Following a term of discussion with Groys — including the philosophical frameworks behind conceptual art — the English Romantic poet Samuel Taylor Coleridge’s term “the willing suspension of disbelief” springs constantly to mind. Groys emphasised “Holy light”, “mystical experience”, and a “lyrical” and “human” quality in art in his founding text (“Moscow Romantic Conceptualism”, A-Ya, 1979). One must agree with him that no act of empathy, no imaginative project, could permit a spectator or scholar today to share that lost, mystical, Soviet/anti-Soviet vision; moreover we are permanently, disqualified by language. Yet now, as the pre-perestroika world recedes, and Western Communism’s constant dialogue with Moscow has been “disappeared”, modifed histories of “Moscow Conceptualism” appear in German or English rather than Russian. Even Russian contemporary scholars must be subject to the challenge of lost Soviet mindsets — and I surmise that their construction of the “West” erases Western Stalinist art, or the difference between the pragmatic rationalism of American Conceptual Art and European work inflected by Catholicism.... Can we believe, retrospectively in a Soviet “total linguistification of society”, a superpower producing cities, armies, rockets without a “market” — or an art without origins? Our willing suspension of disbelief is surely shadowed by what Groys calls “the dark space of the paradox”.
11:40 — 12:20 Ekaterina Degot “Conceptual Practices in Moscow: Performing Objects, Narrating Installations”
PhD, Art Historian, Art Writer and Curator, Senior Editor of www.openspace.ru/art, Professor at Moscow Alexander Rodchenko Photography and New Media School.
Conceptual Practices in Moscow: Performing Objects, Narrating Installations
Moscow conceptualism early practices took place on the ruins of the communist free creativity and abolishment of the division of labour. Theirs was a utopia of alienation — a tentative reinvention of an art object separate from its creator, an experimental professionalism amidst the ocean of “folk conceptualism”. What can these practices teach us today?
12:20 — 13:00 Keti Chukhrov “The Soviet Material Culture and Socialist Ethics in Moscow Conceptualism”
PhD in Comparative Literature, Associate Professor at the Russian State University for Humanities (Department of Art Theory and Culturology).
The Soviet Material Culture and Socialist Ethics in Moscow Conceptualism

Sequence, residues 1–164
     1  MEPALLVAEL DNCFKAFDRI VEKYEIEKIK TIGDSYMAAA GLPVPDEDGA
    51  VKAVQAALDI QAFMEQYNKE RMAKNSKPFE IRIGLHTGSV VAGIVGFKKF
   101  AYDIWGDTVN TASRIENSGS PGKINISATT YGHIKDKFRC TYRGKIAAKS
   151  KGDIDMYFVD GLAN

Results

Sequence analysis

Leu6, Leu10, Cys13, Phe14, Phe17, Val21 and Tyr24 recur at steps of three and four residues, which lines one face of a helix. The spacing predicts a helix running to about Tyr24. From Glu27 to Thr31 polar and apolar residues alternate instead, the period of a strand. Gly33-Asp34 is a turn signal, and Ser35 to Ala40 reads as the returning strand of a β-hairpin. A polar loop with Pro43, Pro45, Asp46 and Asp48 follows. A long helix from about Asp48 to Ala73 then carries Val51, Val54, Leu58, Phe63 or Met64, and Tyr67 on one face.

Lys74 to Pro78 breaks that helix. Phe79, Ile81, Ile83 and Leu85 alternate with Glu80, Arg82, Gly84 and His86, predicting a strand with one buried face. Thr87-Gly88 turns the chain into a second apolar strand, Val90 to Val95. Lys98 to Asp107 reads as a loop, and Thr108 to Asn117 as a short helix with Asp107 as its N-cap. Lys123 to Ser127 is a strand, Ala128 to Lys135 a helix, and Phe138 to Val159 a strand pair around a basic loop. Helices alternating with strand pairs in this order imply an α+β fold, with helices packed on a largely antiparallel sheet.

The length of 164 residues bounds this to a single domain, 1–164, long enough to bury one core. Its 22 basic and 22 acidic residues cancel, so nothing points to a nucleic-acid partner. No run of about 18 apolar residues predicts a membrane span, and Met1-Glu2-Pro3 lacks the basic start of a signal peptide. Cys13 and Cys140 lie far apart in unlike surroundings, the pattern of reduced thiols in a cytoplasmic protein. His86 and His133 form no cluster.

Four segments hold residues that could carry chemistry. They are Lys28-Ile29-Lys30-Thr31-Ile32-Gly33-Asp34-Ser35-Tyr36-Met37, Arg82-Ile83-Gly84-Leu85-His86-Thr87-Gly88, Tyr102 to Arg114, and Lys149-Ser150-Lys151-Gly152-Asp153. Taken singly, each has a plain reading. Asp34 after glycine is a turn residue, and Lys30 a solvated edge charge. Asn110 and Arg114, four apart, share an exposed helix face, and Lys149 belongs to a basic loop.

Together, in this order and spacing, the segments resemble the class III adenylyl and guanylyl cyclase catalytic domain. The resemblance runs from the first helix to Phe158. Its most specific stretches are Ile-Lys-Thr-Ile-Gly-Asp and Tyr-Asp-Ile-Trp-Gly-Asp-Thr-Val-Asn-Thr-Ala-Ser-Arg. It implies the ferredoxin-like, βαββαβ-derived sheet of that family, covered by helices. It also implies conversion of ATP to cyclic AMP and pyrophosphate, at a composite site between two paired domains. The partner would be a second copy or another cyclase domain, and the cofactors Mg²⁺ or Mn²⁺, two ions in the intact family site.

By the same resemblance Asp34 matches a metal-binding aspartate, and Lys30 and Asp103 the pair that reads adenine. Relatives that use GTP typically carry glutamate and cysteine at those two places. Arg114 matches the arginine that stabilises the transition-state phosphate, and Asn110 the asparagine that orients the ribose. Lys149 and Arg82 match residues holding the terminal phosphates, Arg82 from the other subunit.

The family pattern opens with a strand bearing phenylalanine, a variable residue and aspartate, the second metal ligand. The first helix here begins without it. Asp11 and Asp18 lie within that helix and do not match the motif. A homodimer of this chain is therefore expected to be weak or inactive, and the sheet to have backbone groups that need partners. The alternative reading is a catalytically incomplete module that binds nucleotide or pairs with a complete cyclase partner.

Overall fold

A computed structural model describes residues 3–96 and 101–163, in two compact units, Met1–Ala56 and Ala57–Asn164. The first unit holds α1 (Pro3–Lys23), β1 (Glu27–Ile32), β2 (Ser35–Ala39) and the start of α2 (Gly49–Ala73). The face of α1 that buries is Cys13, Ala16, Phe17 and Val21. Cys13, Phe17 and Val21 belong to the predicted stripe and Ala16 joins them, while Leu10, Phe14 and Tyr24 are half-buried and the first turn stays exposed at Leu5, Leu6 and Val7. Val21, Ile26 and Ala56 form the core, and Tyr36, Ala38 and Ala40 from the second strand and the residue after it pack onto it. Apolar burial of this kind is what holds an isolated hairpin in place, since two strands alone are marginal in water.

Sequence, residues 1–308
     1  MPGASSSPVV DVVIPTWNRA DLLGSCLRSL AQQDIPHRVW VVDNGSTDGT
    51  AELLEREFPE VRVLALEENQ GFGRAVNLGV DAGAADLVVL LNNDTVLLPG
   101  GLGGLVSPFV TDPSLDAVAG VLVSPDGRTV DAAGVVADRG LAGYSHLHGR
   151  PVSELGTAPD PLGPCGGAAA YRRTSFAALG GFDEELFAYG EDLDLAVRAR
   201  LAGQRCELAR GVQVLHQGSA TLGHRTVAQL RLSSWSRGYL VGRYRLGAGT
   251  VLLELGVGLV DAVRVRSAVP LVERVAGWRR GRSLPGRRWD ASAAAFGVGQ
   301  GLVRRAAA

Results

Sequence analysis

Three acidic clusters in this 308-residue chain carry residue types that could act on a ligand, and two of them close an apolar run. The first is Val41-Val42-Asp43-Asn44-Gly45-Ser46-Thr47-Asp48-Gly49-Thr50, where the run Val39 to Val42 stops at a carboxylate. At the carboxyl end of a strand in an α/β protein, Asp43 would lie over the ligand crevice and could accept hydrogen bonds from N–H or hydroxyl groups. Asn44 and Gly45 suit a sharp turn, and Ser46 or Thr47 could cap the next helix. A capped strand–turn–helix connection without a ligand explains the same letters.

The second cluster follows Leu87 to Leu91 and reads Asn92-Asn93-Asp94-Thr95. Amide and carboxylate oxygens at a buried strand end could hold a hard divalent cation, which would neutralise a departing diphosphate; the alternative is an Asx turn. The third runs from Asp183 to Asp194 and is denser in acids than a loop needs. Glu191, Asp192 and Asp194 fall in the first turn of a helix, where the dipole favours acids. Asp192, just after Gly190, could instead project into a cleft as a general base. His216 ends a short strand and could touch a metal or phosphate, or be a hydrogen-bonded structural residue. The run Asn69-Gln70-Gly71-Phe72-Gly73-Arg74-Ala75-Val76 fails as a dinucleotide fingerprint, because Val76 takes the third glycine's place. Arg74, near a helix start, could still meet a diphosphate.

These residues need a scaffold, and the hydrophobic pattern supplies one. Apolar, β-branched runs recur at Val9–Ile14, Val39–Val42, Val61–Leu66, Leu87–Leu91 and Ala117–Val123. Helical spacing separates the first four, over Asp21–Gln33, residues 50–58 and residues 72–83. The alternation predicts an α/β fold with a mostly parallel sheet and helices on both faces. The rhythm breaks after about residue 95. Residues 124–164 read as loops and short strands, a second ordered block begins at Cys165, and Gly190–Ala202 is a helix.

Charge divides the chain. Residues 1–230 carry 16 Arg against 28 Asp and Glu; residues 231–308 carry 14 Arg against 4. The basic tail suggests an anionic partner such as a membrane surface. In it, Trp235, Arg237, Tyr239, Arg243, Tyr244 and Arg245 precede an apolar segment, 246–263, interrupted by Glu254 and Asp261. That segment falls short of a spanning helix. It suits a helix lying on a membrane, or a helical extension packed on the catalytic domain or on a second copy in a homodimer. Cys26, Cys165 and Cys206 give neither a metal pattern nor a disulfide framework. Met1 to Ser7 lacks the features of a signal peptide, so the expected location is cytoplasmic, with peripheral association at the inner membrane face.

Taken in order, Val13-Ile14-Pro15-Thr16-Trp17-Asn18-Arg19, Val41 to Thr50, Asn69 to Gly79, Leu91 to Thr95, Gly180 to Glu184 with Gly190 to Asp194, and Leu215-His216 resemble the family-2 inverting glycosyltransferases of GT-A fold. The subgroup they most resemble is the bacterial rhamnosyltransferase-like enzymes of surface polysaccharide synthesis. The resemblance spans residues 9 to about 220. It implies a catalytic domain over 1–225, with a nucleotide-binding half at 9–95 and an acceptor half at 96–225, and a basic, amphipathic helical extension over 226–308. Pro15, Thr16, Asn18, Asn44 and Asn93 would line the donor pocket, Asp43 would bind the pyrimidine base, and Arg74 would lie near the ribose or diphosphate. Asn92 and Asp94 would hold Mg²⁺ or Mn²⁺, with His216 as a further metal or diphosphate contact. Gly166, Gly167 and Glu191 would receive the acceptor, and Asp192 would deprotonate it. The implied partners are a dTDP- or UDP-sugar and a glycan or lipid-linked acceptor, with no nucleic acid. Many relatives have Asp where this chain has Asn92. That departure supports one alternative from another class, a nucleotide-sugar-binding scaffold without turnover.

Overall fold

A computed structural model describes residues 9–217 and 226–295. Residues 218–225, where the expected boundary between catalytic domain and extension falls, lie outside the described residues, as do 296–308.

The report tackles the social and economic background in which Moscow Conceptualism developed its artistic poetics. If traditionally the source of Moscow Conceptualism’s poetics is sought in the languages of Soviet ideology, the present talk analyses the interdependence of MC with such phenomena of socialist reality as anti-libidinal economy, as opposed to Liotar’s “libidinal economy”, and de-alienation as juxtaposed to the estranged spaces of the Western modernism, still remaining the framework for the western conceptualism. This leads to considering how the Soviet material culture occurs to be conceptual by definition and what are the dispositions of idea and matter in the Soviet background permeating the work of the universalist poetics of Moscow Conceptualism’s “classical” period.
13:00 — 14:00 discussion
Moderator: Keti Chukhrov
15:00 — 15:40 Jörg Heiser “Tyranny of Intimacy / Intimacy of Tyranny”
Co-editor of frieze magazine, London, and Publisher of frieze d/e magazine, Berlin.
Tyranny of Intimacy / Intimacy of Tyranny
The talk will focus on a moment in the 1970s that was experienced in different ways in different parts of the world.
In the mid-1970s, in the USA, Richard Sennett, influenced by Hannah Arendt, wrote his book The Fall of Public Man, which described Western societies as entering a kind of mass-neurotic psychologization of the public realm, a “tyranny of intimacy”. In the US (Bas Jan Ader, Robert Barry) as well as Italy (Giulio Paolini, Ketty La Rocca) responded with specific answers to this development.
Also in the mid-1970s, Czech artist Jiri Kovanda started to do conceptual-performative actions on Wenzel square in Prague, albeit in a very modest, understated way. And in Moscow, the Collective Actions Group sought to open up realms for performative actions, even if it meant to go on fields or into the woods outside the city. Issues of romantic inwardness versus collective social exchange come into play. Was there an “intimacy of tyranny” that these artists were up against, a kind of uncanny sibling of the “tyranny of intimacy”? With Kovanda and Collective Actions, in different places and under different conditions, trying to find the gaps in-between? Or is that a misunderstanding, a Western projection from Sennett to contemporary commentators such as me? I’m looking forward to exchanging ideas and information on these issues with so many experts in the field present.
15:40 — 16:20 Anton Vidokle “Art Without Work?”
Artist, Founding Director of e-flux.
Art Without Work?
In Art Without Work, Anton Vidokle discusses pre and post-conceptual approaches to art production that enabled certain artists to put in place unusual conditions of production. Looking closely at Warhol’s Factory and films, work of Rirkrit Tiravanija and other projects, Vidokle argues for a possibility of art without work in the traditional capacity of an artist.
16:20 — 17:20 discussion